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TCP/RESTful proxy for Cloud Foxy - cloud platform for smart cards

Project description

Copyright (c) 2018 Enigma bridge

Permission is hereby granted, free of charge, to any person obtaining a copy
of this software and associated documentation files (the "Software"), to deal
in the Software without restriction, including without limitation the rights
to use, copy, modify, merge, publish, distribute, sublicense, and/or sell
copies of the Software, and to permit persons to whom the Software is
furnished to do so, subject to the following conditions:

The above copyright notice and this permission notice shall be included in all
copies or substantial portions of the Software.

THE SOFTWARE IS PROVIDED "AS IS", WITHOUT WARRANTY OF ANY KIND, EXPRESS OR
IMPLIED, INCLUDING BUT NOT LIMITED TO THE WARRANTIES OF MERCHANTABILITY,
FITNESS FOR A PARTICULAR PURPOSE AND NONINFRINGEMENT. IN NO EVENT SHALL THE
AUTHORS OR COPYRIGHT HOLDERS BE LIABLE FOR ANY CLAIM, DAMAGES OR OTHER
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Description: # CloudFoxy - FoxyProxy

This proxy connects clients implementing simple TCP requests with the CloudFoxy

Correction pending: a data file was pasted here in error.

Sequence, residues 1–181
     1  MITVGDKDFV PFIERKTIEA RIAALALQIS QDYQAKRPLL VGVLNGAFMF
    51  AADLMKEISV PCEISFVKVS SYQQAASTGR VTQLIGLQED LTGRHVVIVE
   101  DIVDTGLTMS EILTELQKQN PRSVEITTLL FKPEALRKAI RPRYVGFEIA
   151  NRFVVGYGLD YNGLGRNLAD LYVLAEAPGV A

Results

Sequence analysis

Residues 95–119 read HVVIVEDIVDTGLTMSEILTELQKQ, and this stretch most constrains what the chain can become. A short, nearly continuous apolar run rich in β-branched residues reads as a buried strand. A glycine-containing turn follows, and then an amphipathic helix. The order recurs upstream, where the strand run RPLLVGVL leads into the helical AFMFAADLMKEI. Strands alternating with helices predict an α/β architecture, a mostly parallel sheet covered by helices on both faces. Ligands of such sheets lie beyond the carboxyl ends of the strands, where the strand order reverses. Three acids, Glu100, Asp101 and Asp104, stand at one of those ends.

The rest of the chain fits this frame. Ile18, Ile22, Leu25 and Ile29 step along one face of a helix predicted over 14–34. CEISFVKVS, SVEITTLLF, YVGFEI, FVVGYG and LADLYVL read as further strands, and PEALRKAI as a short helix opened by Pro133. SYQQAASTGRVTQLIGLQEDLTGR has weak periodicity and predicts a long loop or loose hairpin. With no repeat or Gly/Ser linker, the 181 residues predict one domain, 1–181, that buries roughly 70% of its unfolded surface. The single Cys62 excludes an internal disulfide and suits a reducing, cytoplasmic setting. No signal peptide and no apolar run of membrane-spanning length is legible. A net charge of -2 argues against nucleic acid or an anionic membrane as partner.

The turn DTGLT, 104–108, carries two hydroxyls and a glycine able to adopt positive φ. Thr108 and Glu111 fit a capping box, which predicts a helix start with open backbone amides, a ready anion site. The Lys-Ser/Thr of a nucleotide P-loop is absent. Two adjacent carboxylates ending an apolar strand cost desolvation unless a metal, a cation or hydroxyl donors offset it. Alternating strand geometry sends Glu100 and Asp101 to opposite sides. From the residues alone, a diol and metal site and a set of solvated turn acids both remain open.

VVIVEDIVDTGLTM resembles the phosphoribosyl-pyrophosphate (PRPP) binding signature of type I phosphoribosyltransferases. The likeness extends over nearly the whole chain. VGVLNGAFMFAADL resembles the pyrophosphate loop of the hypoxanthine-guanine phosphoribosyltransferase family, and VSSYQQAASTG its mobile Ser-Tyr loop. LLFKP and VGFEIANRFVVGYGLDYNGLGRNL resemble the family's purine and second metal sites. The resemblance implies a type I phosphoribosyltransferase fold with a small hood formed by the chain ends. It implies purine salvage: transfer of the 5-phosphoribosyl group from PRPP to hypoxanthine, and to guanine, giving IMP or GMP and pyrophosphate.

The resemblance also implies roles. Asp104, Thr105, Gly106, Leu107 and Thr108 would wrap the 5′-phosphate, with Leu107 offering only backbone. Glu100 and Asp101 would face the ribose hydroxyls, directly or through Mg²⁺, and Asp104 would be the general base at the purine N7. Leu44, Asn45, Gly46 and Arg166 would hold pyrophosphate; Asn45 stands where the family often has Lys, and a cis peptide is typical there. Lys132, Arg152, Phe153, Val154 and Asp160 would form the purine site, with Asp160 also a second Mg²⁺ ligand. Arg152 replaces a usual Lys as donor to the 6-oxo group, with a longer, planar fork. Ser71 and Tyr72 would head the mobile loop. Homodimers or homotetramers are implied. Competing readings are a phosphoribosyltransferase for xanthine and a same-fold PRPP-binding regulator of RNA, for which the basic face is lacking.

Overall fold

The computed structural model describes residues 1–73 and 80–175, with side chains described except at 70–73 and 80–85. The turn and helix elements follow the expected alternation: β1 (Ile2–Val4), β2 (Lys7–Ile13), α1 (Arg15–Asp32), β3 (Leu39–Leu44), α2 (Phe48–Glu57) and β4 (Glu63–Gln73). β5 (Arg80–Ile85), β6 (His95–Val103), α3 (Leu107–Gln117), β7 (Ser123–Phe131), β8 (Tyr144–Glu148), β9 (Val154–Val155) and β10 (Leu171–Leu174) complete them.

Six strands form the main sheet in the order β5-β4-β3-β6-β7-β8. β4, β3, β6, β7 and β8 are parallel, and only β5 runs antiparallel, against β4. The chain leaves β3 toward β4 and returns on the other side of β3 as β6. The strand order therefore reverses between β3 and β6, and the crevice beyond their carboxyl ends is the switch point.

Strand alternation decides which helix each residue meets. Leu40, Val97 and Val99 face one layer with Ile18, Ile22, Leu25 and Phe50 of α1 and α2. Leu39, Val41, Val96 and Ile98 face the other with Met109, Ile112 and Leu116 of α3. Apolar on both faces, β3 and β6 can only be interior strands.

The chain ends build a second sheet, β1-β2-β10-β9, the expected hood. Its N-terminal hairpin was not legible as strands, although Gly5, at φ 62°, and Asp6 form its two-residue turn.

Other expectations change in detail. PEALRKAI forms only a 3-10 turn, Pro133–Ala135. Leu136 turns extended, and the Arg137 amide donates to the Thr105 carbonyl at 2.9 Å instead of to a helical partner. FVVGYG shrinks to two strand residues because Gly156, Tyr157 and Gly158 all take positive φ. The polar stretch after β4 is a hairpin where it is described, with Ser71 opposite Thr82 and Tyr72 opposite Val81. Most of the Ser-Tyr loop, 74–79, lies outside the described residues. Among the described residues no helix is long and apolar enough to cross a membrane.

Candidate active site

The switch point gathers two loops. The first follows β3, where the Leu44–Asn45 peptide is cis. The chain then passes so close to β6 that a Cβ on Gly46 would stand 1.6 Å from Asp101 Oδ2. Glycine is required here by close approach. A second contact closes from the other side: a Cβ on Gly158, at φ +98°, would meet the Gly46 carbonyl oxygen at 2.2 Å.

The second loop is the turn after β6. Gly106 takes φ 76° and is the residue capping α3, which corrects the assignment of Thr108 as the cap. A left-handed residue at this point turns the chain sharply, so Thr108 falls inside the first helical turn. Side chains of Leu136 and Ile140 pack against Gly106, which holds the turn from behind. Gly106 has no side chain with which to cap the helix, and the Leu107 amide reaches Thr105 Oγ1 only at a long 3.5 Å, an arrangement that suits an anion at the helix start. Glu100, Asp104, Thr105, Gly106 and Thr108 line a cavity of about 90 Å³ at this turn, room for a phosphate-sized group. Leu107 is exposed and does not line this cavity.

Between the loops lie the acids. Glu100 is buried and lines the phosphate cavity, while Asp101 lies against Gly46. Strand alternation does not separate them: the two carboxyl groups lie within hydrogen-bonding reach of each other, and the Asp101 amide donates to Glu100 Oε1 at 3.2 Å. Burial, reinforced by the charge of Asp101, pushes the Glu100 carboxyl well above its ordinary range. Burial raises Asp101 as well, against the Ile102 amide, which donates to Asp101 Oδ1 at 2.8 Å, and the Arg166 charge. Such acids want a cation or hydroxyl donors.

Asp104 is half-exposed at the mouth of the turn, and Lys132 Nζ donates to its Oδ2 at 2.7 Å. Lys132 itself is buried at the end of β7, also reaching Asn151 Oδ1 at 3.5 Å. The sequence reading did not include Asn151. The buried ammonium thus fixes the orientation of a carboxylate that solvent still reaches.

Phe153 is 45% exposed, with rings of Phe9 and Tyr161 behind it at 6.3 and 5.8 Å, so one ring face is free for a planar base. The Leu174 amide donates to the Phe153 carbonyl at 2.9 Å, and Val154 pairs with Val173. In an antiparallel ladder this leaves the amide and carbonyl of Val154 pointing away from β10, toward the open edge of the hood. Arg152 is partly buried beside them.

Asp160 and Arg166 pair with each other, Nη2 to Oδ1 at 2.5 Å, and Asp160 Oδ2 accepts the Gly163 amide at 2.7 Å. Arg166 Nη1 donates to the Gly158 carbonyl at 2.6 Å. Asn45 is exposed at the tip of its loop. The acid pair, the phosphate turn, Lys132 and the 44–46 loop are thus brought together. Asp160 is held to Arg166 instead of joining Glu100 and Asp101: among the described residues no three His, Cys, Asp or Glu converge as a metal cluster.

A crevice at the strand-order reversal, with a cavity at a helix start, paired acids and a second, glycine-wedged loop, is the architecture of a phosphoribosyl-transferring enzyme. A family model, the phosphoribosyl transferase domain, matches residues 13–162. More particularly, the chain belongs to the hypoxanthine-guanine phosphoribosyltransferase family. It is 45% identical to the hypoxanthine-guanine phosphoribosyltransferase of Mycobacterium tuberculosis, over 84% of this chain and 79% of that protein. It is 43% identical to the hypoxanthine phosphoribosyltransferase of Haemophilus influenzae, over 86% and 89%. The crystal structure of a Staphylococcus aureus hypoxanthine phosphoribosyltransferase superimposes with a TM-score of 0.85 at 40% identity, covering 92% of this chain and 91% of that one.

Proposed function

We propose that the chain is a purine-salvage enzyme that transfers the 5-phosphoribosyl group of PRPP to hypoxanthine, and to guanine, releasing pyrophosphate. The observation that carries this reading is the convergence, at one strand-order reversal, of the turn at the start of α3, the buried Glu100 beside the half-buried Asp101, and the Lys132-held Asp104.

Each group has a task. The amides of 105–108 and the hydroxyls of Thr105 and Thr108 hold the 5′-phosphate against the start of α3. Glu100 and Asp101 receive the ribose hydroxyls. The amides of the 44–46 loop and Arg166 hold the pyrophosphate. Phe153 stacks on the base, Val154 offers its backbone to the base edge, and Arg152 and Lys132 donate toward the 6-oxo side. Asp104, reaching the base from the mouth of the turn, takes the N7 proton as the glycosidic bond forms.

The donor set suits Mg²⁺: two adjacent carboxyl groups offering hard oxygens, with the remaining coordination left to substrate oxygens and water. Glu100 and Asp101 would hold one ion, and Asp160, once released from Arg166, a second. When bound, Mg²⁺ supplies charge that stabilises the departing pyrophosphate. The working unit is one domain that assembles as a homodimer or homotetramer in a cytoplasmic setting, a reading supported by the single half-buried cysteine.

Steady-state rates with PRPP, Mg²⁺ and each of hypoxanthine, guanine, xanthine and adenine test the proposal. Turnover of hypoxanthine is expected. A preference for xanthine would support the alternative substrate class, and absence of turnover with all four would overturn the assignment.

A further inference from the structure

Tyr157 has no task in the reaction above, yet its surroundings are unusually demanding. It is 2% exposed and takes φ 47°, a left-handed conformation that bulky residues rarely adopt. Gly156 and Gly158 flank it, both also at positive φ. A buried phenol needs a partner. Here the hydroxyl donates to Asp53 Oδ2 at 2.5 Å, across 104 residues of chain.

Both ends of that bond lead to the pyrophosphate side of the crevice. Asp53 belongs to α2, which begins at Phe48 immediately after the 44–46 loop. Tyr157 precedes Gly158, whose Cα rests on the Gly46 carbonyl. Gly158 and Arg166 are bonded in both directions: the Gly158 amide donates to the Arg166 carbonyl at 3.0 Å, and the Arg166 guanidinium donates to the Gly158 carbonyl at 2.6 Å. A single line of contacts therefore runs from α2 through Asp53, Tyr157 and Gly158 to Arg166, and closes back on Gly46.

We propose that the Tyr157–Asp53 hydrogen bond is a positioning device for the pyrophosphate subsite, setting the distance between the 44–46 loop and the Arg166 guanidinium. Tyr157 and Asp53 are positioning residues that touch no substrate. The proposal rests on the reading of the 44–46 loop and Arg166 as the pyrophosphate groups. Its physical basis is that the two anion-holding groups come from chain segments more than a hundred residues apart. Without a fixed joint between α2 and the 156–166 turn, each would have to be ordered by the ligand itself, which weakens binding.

RESTful API. You can send any support request via GitLab issues or open a
support ticket at
[https://cloudfoxy.freshdesk.com](https://cloudfoxy.freshdesk.com/support/tickets/new)

## External dependencies

sudo yum install gcc libffi-devel python-devel openssl-devel

## Install

pip install foxyproxy

## TCP Interface

The TCP interface of the proxy starts listening on port 4001. The port can be
adjusted with a command line parameter `-p<port>`. Similarly, the address of the
RESTful server can be set with the `-s<url:port>`.

TCP clients can send multiple commands over a period of time as the server keeps
connections opened until its clients close them.

Each request consists of at least 2 lines:
- card reader identification
- one or more commands - each in a separate line

*Example 1 - abstrakt*

```
><card reader name>"|"
><cmd ID1>:<command1>:<data>:<object>"|"
><cmd ID2>:<command2>:<data>:object"|"
```

*with a subsequent response to this request:*

```
<cmd ID1>:<response 1>
<cmd ID2>:<response 2>
@@
```

*Example 2*
```
>OMNIKEY AG 3121 USB|
>1:RESET|
>2:APDU|00 A4 00 0C 02 3F 00|
```

*with a subsequnt response*
```
1:6F048400A5009000
2:9000
@@
```

## TCP Commands

There are currently four commands implemented for the TCP interface:
- RESET - reset a particular smartcard
- APDU - send a command according to ISO7816 specifications
- ENUM - return a list of smart-card readers - names of reaers are base64
encoded, separated with "|"
- ALIASES - return a list of names from certificates in connected smartcards,
names are base64 encoded as they may
contain utf-8 characters; names are separated with "|"
- CHAIN - return certificate chain for a particular alias
- SIGN - request a signature from a particular smartcard

The first three are low-level commands, either directly sent to smartcards, or
just return a list of smartcard names. The ALIASES, CHAIN and
SIGN are abstract commands tailored to particular smartcards - eIDAS smartcards